Meet the Breed: Face Time
Beneath its distinctive and distinguished beard lies the essence of the Miniature Schnauzer: pure fun.
With its beard, moustache and prominent eyebrows, the Miniature Schnauzer presents a distinguished and unforgettable face to the world. Although it’s a small dog, the Miniature Schnauzer, with its robust and muscular build and harsh wiry coat, is far from delicate. The breed’s hunting instinct makes it fit for its original job of an efficient ratter. With little demand these days for its ratting skills, the Miniature Schnauzer’s charming, friendly personality and ideal size have ensured its place as one of the world’s most popular and attractive family pets.
Here comes the Mini
The Standard Schnauzer is the ancestor of both the Miniature and the Giant Schnauzers, and was developed in the 14th or 15th century in southern Germany. The Standard Schnauzer likely shared a common ancestor with the driving dogs found in the Württemberg region, which, when crossed with the gray Wolfspitz (an early form of the Keeshond) and possibly the black Poodle, resulted in the Schnauzer.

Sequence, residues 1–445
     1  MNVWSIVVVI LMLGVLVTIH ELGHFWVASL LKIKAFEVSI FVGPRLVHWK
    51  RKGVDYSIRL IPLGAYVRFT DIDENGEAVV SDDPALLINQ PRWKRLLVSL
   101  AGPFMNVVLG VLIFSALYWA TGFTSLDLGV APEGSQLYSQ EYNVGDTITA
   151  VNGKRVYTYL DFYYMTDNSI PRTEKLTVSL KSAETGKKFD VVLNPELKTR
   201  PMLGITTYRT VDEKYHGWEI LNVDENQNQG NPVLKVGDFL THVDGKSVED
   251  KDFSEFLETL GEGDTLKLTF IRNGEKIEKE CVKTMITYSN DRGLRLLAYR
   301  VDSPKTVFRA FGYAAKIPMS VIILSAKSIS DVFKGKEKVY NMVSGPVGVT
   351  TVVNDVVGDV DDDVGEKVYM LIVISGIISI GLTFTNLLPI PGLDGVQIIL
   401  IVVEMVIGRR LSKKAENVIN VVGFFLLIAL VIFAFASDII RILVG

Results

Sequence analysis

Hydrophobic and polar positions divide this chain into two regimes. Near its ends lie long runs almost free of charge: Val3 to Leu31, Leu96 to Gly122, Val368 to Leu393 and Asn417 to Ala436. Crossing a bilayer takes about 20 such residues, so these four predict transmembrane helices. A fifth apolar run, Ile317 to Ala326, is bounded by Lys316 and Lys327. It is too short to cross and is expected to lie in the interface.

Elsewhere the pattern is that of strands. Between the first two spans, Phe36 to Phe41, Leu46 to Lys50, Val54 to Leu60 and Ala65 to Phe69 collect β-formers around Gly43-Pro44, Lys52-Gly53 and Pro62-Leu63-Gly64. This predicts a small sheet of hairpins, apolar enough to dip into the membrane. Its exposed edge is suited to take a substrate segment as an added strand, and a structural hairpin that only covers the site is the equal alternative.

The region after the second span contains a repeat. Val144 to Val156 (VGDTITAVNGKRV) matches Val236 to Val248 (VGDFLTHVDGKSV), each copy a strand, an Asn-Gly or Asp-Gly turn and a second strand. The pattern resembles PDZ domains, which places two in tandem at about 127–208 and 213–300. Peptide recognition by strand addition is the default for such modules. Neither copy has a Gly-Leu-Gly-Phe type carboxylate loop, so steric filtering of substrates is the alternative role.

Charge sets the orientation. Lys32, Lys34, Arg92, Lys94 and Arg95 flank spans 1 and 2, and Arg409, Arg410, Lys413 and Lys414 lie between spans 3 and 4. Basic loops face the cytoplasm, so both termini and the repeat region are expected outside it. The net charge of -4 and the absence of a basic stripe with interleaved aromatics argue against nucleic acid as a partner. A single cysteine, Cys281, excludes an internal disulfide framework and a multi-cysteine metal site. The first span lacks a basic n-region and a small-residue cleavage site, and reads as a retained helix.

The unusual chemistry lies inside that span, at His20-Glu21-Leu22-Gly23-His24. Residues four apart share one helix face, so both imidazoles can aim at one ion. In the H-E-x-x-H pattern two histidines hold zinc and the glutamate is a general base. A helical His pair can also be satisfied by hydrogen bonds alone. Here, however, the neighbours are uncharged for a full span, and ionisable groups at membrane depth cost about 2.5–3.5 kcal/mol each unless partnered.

The earliest records of the Standard Schnauzer come from the late 1800s, when the breed was prized as an all-purpose farm dog: a ratter, herder and guard. The Standard Schnauzer was bred down to a smaller version to be of more use as a ratter in the house and barn. It’s thought that the Affenpinscher and Miniature Pinscher were used to attain the Miniature Schnauzer’s small size, although few written records exist to confirm this.
The Standard Schnauzer at that time was known as the Wirehaired Pinscher, and was first exhibited at a dog show in Hanover, Germany, in 1879. The winner was a dog named “Schnauzer” and the breed has been known by this name in Germany ever since. Schnauze is a German word for “snout” or “muzzle,” and the name undoubtedly refers to the appearance of the prominent whiskers and beard, which are trademarks of all three Schnauzer varieties.
In 1895, the Pinscher-Schnauzer Klub formed in Germany, and it exists to this day. Its first studbook contained records for Standard Schnauzers, Smooth-Coat Pinschers (German Pinscher), Miniature Pinschers and Wirehaired Miniature Pinschers, now known as Miniature Schnauzers.
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